"You can meet me on an aeroplane
Or in the back of the bus"

I find this interesting because "aeroplane" is the British spelling and pronunciation of  "airplane", which is used in the United States, and Simpson is American. With the exception of someone educating others about differences in spelling and pronunciation, I have never heard any other American besides Simpson say "aeroplane". Evidently Simpson had her reasons for using the British variant (one that comes to mind for me is that it does sound clunkier to sing "airplane" instead, but then if I had heard the song that way to begin with it is what I would have become used to and would not have given it a second thought), but as curious as I am to know exactly what they were I doubt we will learn them; after all, the song was written several years ago, and it is only a minor thing to worry about. Regardless, it is one of those minor facts that I find fascinating.

Listen around the 0:48 - 0:53 marks of "La La" here. Even now I checked a few more times just to ensure she still said "aeroplane", and seven years after I first heard the song I continue to hear that pronunciation.

Wednesday, 9 May 2012

More cherry blossom

I took some more pictures of our cherry blossom and wanted to post another here:

Tuesday, 8 May 2012

Local election error

I stated in my first post about the recent local elections in the United Kingdom that Northamptonshire did not have any seats up this year, and as such I was unable to vote. It turns out I was in error about elections in this county, as the Daventry district had its entire council up for election in 2012.

This being said, I do not live in the Daventry district, so I still could not have voted and neither could the other parts of Northamptonshire outside Daventry.

Monday, 7 May 2012

The stargate

On our route from Northamptonshire to Coventry we take the M6, a motorway on the west side of England, for a part of the way there. A few months ago while travelling on this route, Dad noticed a "stargate" from the Stargate SG-1 series in a nearby field close to Coventry. I recently managed to photograph the stargate:

There is even a replica "dial-home device" from the show, too. The whole place looks as though it is staging area for dogs to play or perform, but it is difficult to tell from a distance. Whatever the purpose is, I think it is both fascinating to see a "real-life" stargate and creative that someone took the time to construct is a type of object that is highly unusual to see anywhere!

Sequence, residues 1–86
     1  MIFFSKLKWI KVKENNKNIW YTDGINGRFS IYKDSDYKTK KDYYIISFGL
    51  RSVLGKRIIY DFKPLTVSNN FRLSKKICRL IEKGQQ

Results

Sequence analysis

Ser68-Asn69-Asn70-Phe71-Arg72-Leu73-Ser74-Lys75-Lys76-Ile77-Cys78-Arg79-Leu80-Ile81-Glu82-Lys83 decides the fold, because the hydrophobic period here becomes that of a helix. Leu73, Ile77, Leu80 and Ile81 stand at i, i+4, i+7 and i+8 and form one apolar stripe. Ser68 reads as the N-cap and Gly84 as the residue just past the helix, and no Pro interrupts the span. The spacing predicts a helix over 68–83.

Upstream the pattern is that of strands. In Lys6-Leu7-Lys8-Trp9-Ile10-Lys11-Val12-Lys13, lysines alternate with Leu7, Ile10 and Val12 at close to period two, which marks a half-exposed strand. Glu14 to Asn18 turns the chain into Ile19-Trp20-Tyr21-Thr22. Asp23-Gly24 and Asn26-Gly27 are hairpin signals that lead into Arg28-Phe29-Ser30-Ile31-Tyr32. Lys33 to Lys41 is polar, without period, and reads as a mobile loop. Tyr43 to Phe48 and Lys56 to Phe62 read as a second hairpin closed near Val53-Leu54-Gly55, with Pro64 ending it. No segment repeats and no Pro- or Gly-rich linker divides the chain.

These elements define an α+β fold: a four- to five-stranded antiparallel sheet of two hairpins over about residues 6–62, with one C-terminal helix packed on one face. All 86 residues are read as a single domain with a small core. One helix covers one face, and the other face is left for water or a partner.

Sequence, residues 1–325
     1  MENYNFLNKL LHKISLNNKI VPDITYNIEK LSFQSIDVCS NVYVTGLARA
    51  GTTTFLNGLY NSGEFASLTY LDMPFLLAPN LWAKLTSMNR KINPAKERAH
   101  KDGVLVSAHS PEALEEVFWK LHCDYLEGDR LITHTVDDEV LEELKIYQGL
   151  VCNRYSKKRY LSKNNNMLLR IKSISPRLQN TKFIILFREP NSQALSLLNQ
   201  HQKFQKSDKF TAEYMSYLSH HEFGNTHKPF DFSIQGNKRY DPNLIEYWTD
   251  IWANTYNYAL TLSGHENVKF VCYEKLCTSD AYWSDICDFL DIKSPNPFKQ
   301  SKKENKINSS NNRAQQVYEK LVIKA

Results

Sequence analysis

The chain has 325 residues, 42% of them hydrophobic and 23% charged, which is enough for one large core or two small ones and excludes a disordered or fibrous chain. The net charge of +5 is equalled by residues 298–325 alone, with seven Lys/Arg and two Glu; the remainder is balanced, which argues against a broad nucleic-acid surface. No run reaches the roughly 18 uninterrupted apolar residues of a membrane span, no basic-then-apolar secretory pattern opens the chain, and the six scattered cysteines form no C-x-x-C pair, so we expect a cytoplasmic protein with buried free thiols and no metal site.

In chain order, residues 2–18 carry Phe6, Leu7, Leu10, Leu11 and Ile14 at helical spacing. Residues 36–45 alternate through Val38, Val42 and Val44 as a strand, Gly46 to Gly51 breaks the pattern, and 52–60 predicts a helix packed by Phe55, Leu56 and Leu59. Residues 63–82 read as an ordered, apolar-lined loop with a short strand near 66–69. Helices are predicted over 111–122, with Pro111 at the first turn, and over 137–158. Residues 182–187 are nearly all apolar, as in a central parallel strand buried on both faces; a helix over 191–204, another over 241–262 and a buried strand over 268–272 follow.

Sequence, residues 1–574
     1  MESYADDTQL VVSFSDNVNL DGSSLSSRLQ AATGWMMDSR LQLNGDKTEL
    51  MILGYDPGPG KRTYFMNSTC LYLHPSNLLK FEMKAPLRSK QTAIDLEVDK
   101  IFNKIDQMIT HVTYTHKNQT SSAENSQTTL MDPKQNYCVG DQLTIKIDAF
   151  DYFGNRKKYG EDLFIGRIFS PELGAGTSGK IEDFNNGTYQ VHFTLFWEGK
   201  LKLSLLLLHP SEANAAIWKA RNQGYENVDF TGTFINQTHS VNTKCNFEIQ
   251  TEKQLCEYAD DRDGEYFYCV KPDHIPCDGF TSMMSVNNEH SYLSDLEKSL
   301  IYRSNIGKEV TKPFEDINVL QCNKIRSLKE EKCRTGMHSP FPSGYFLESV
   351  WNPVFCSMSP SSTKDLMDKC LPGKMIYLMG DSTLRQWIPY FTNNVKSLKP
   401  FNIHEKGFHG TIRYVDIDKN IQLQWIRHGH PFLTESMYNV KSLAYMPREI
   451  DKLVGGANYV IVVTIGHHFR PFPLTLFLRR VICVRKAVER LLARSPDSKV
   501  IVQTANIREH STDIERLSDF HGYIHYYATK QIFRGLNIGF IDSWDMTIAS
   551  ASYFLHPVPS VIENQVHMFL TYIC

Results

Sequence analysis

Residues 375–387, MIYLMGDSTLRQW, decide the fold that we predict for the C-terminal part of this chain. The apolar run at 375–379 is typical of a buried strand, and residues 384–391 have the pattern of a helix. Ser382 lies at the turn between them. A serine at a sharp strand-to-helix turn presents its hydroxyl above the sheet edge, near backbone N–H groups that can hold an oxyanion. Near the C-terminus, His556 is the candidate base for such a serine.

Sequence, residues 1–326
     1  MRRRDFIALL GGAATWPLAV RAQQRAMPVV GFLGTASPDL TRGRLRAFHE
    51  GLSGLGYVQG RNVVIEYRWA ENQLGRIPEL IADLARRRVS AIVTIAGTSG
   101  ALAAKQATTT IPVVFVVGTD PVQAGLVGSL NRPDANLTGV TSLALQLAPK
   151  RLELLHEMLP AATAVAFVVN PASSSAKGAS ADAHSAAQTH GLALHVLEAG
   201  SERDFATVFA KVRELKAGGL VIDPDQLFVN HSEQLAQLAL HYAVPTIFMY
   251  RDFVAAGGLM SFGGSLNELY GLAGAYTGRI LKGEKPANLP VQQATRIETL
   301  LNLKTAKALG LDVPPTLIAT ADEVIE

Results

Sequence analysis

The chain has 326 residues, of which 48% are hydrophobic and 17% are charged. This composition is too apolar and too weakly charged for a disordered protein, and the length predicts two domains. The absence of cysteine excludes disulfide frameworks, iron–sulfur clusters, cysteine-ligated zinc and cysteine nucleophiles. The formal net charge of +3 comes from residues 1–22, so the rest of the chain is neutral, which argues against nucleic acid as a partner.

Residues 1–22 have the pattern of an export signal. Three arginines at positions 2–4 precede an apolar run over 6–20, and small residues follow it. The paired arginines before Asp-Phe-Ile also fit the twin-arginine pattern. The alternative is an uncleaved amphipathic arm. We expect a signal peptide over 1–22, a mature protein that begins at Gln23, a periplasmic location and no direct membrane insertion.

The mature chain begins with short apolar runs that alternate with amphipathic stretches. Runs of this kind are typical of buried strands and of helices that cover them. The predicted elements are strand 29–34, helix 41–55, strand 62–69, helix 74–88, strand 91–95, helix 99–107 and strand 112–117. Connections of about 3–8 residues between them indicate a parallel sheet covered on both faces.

Sunday, 6 May 2012

Second Coventry trip

I went to Coventry again today, for the same reasons as the last time. I did not take as many pictures on this occasion, but I did get a one of a random spire in the city (I do not know what the building is called, I just wanted to take a picture of it). I will have another post about the trip tomorrow.

Saturday, 5 May 2012

On the results of the 2012 local elections (again)

All the results from Thursday's elections are through, and there is little change from yesterday's post. As expected, Boris Johnson won against Ken Livingstone in London, albeit more narrowly than had been predicted (51.5% to 48.5% when factoring in all the first and second-place preference votes), Jenny Jones from the Green Party managed to pull off a third-place finish ahead of Brian Paddick, the Liberal Democrat candidate in the London race; Labour won a slightly higher amount of council seats, and Leeds joined eight other cities in opposing a directly-elected mayor system.

That is the last post on British elections for now; the next major set of votes will be the 2013 locals, although a couple of parliamentary constituencies could have by-elections if there are any MP departures from now until then.

Friday, 4 May 2012

On the results of the 2012 local elections

Most of the results from yesterday's elections are through, and I would say they are close to what I was expecting. On current estimates, the Labour Party has won over 770 council seats and taken control of at least 30 councils, the Conservatives are down almost 400 seats, the Liberal Democrats losses have surpassed 300, Doncaster has decided to keep its directly-elected mayor system, and Boris Johnson is on course to win re-election as the Mayor of London.

The most surprising results to me have been the cities holding referendums on having their own directly-elected mayors: results in nine of the ten have come through, and so far only Bristol has voted in favour of a mayor, with the votes still being counted in Leeds. I had presumed that people in the larger cities would be interested in having their own versions of the London mayoral system, but it seems I was wrong. Sheffield appears to have cast the strongest "no" voice, with over 60% of the people taking part in the referendum rejecting a mayor. By contrast, Doncaster kept its mayor with 62% of people saying "yes".